Most Common Writing Mistakes, Pt. 31: One-Dimensional Conflict

Conflict is one of the most essential ingredients of fiction. When a character with a goal meets an obstacle to that goal, conflict ensues. Story ensues. But one-dimensional conflict isn’t enough to plumb the depths of a story’s potential. So just what is one-dimensional conflict?

When conflict is coming at the protagonist from just one direction, the story runs a very real risk of becoming flat. Everything in the story will be focused on this one goal/obstacle. While that may be fine in a short story, it’s going to create a couple nasty little problems in longer works.

The Three Problems With One-Dimensional Conflict

When all your story’s conflict is arising from just one source (e.g., Zack’s teacher has it out for him and keeps giving him unfair grades), then your story becomes tremendously limited. Here are just three possible pitfalls that may result:

1. Repetition

When you’ve only got one horse to beat, you can bet he’s going to end up dead pretty fast. There’s only so much we can say about any given story scenario. There are only so many ways poor Zack can try to figure out why his teacher hates him and how he can overcome that. Once we’ve covered those options, either our story ends–or we start repeating ourselves.

2. Lack of Thematic Depth

Subplots require their own offshoots of conflict. Whether these subplots feature the trials and tragedies of minor characters (Zack’s best friend’s trouble with his parents because he couldn’t care less about his own legitimate bad grades) or another aspect of the protagonist’s own struggle (Zack’s determination to fill the shoes of his dead valedictorian sister), they offer the opportunity to riff on the main theme and explore different aspects of the same subject. Without subplot conflict, you’ll never be able to find thematic depth.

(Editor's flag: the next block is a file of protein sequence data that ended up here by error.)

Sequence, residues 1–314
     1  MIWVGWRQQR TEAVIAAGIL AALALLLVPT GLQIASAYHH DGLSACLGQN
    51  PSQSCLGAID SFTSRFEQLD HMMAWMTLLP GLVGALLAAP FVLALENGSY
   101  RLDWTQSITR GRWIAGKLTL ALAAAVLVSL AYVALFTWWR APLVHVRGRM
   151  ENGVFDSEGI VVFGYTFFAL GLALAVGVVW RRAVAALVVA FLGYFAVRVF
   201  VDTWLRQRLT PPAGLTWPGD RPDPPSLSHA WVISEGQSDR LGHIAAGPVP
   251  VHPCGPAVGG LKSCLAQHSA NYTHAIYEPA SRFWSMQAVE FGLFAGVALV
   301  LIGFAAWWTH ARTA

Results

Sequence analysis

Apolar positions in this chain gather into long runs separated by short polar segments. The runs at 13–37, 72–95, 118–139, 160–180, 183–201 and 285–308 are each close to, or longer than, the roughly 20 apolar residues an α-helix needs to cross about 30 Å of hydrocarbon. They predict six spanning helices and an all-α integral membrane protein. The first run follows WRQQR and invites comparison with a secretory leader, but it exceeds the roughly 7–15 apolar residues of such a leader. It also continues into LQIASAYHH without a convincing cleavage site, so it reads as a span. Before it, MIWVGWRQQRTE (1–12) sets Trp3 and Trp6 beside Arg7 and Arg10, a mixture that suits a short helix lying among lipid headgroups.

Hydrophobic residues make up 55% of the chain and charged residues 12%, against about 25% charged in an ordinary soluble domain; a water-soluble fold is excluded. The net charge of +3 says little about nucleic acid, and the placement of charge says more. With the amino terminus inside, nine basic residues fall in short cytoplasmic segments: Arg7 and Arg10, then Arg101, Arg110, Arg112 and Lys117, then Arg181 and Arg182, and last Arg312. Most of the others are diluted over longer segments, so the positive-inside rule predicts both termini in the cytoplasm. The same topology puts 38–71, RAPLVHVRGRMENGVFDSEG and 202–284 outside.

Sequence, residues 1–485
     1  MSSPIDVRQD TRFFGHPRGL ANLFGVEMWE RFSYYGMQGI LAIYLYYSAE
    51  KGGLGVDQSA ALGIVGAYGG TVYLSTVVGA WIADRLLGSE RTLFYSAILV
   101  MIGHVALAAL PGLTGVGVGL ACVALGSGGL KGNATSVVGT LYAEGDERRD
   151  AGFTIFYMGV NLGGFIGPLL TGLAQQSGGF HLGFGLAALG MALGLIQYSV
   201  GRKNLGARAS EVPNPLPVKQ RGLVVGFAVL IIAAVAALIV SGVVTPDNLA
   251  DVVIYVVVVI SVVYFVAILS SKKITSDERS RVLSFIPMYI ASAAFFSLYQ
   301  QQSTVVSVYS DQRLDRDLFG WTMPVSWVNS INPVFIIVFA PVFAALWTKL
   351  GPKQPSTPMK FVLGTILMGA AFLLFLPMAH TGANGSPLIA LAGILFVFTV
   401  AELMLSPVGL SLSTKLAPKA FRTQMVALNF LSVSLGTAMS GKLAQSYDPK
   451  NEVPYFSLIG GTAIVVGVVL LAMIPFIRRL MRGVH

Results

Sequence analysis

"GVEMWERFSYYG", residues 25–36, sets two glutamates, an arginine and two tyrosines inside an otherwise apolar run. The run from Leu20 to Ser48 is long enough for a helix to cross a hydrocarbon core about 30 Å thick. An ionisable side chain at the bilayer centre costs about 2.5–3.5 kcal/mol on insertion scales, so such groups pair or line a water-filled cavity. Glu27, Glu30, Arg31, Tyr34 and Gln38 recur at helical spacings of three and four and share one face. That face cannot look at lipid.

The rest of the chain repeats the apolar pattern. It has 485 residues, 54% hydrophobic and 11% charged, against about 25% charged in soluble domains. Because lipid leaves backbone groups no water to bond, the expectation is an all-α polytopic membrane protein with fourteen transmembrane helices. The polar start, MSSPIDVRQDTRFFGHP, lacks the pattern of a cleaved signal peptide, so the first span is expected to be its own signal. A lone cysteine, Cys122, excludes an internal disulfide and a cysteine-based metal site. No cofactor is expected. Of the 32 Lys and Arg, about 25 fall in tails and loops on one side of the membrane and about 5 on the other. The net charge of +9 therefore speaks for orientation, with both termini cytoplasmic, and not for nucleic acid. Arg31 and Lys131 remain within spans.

3. Flat Filler Scenes

If only one main conflict drives your story, you’ll almost inevitably end up with important linking scenes that don’t feature that particular conflict: Zack saying goodbye to his parents before school, Zack hanging with his friends after school. And because that’s your only conflict, these scenes, in fact, feature no conflict.

How to Add More Dimensions to Your Story’s Conflict

This one’s easy-peasy, right? Just add more conflict. Start by asking yourself the following questions:

1. How can you create varying levels of conflict between your protagonist and every other character in the story?

Note, of course, the key phrase “varying levels.” You don’t want all your characters out for blood. But Zack could be getting a lot of flack from his parents over his bad grades. Or his buddy could be pressuring him to help him cheat on his own tests.

2. What are the other characters’ goals and how do they interfere with the protagonist’s goal and each other’s goals?

To be dimensional, conflict must be layered. Zack isn’t the only person with a goal, which mean he isn’t the only person meeting with obstacles and conflict. Maybe Zack’s dad wants him to get an after-school job, which will interfere with his studying. Maybe there’s a cute girl he’s crushing on who wants him to take her to the movies instead of working his job. The possibilities are endless.